You found the house of your dreams. (Bonus: It came in mint condition!) Survived the mental stress of applying for a mortgage and the physical exertion of move-in day. Now, you’re sitting in your kitchen, sipping a cup of coffee, and listening to your kids play in the next room over. The four walls and roof overhead have truly become your home sweet home.
You know you’re living the American Dream. Yet, in the time since purchasing your home, you’ve started to wonder: Should you refinance your mortgage? (After all, isn’t mortgage refinancing supposed to lower your monthly costs and save you money?)
To get the answer, you need to understand the basics of home refinancing.
What Is a Mortgage Refinance (or Re-Fi)?
Refinancing itself is a pretty easy concept to understand. When you refinance your mortgage, you replace your existing home loan with a new loan that offers better terms.
You use the new refinance loan to pay off your current mortgage loan.
When you bought your house, you had the ability to customize several aspects of your mortgage, including the amount and type of interest (a fixed-rate loan versus adjustable-rate mortgage, or ARM), the length of your repayment period (10 to 30 years, typically), and even when you pay your closing costs (upfront or rolled into your loan).
With refinancing, you have the ability to personalize your loan in the same way. Or, you can switch things up. In other words, the features of your refinance loan can differ from the elements of your original mortgage.
For instance, let’s say you originally signed up for a 5/1 ARM (meaning the interest rate remained fixed for the first five years and adjusted once a year after that) and paid your closing costs at the closing. With a refinance, you could opt for a 30-year fixed-rate mortgage and roll the closing costs into your monthly mortgage payments.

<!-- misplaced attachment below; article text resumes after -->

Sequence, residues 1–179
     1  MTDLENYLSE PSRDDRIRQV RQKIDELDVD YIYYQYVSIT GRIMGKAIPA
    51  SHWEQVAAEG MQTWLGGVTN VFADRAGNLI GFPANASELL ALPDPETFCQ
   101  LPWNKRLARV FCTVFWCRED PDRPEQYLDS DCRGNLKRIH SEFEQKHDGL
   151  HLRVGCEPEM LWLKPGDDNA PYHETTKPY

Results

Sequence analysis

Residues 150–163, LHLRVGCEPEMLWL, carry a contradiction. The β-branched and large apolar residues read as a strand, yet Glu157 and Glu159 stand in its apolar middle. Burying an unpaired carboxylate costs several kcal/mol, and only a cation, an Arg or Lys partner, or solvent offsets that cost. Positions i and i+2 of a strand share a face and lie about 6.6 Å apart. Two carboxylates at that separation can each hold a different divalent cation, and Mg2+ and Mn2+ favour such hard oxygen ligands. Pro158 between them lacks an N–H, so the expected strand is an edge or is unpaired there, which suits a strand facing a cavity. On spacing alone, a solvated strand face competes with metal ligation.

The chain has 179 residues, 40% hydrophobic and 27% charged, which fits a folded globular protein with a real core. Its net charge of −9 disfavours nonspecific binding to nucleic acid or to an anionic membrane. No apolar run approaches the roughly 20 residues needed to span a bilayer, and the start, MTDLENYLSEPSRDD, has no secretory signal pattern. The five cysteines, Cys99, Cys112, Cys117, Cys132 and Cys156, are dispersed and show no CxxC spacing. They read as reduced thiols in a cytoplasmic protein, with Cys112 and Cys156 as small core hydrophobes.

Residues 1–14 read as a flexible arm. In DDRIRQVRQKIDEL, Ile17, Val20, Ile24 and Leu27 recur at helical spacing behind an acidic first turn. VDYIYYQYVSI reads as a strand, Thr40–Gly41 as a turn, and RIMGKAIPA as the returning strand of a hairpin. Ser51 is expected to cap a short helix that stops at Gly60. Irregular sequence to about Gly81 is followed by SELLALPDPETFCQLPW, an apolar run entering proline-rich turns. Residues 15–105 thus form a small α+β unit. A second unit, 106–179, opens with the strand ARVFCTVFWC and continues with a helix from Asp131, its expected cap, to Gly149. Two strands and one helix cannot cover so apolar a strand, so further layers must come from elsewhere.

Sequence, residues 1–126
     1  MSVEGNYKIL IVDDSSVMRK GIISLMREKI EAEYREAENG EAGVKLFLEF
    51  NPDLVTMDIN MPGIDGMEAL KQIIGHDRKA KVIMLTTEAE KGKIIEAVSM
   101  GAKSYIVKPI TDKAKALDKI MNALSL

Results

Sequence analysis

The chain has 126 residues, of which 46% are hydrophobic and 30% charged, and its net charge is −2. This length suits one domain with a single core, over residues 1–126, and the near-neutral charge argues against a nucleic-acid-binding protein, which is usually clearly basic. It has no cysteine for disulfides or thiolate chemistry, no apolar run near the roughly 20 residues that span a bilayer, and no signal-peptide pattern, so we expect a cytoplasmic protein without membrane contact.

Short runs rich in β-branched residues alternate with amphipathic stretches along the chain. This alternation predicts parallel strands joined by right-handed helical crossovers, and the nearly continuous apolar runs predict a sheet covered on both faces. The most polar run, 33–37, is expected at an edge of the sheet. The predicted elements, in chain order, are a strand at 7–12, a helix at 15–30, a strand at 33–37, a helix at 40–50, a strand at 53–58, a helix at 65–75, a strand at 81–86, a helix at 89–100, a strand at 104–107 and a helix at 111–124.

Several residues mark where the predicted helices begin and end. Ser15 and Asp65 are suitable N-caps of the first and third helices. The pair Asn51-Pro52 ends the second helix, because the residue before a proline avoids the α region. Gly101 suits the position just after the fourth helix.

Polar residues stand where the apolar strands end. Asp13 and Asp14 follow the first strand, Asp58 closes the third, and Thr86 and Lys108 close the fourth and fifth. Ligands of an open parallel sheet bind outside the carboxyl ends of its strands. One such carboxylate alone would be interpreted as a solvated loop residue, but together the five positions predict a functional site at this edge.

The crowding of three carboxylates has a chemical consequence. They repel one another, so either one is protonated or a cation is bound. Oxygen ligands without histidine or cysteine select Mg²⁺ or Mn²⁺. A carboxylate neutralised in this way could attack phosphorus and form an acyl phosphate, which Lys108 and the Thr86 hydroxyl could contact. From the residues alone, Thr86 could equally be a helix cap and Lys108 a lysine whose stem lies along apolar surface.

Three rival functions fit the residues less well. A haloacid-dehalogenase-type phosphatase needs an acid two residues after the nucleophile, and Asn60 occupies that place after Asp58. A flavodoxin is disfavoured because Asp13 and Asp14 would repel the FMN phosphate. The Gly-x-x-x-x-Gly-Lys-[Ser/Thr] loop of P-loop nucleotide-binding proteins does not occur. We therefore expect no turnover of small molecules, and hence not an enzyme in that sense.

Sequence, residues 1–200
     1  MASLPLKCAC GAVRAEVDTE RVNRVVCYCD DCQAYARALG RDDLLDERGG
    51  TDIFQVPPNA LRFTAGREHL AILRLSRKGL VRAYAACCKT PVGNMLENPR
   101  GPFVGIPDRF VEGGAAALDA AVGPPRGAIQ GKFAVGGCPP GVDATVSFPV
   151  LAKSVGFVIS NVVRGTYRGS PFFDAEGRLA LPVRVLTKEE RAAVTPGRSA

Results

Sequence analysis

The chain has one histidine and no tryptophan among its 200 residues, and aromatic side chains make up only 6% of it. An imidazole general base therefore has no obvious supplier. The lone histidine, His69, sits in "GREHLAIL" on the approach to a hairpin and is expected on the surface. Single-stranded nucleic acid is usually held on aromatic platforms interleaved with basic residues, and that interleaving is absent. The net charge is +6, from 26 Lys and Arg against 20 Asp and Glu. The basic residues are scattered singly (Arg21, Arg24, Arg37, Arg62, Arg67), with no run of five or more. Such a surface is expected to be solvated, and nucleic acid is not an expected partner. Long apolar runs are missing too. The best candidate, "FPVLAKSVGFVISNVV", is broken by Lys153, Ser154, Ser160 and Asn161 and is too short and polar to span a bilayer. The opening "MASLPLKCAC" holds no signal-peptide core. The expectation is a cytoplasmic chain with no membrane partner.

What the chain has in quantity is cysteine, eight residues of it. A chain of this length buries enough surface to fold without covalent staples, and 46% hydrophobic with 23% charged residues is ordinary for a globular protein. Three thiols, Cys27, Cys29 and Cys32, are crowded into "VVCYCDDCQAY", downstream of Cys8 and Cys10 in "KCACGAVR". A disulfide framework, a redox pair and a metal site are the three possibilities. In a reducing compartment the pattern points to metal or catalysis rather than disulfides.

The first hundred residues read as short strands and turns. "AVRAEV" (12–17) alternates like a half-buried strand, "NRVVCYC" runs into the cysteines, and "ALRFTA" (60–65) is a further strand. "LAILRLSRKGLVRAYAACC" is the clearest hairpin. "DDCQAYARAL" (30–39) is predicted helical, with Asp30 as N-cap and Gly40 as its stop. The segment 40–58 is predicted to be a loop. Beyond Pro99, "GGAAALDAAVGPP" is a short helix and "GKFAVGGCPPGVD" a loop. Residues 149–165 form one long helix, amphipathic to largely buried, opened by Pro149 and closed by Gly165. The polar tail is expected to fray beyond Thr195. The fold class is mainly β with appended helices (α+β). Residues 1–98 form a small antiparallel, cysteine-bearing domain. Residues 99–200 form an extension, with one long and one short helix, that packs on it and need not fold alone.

And just like your original loan, you can choose which lender you borrow the money from when you refinance. Your options include online lenders like Ally Bank, as well as many brick-and-mortar banks and credit unions. You could choose to refinance with your current mortgage lender, or you could opt to go with a new one.
If you choose to go with a new lender, check to see if they have rules in place that could impact when you’re able to refinance. For example, you may have to wait a for a certain period (like four or six months after you purchase your home) until you’re able to refinance. Also, be wary that pre-payment penalties do exist, although they are uncommon. Ask your current mortgage lender to make sure you’re in the clear prior to deciding to refinance.
You can also increase or reduce the size of your down payment.
Keep in mind: If you have less than 20 percent equity in your home, your lender will likely require you to get private mortgage insurance (PMI).
When Is the Right Time to Refinance?
If you’re wondering if you should refinance your house, you probably know that you don’t just do it for the heck of it. Instead, you should have an idea of what you hope to achieve by refinancing.
Your possible goals could include:
- Obtaining a lower interest rate
- Converting from an adjustable-rate mortgage to a fixed-rate one
- Reducing the amount of your monthly mortgage payments
- Paying off your home faster
- Tapping into your home’s equity to finance something else
- Consolidating debt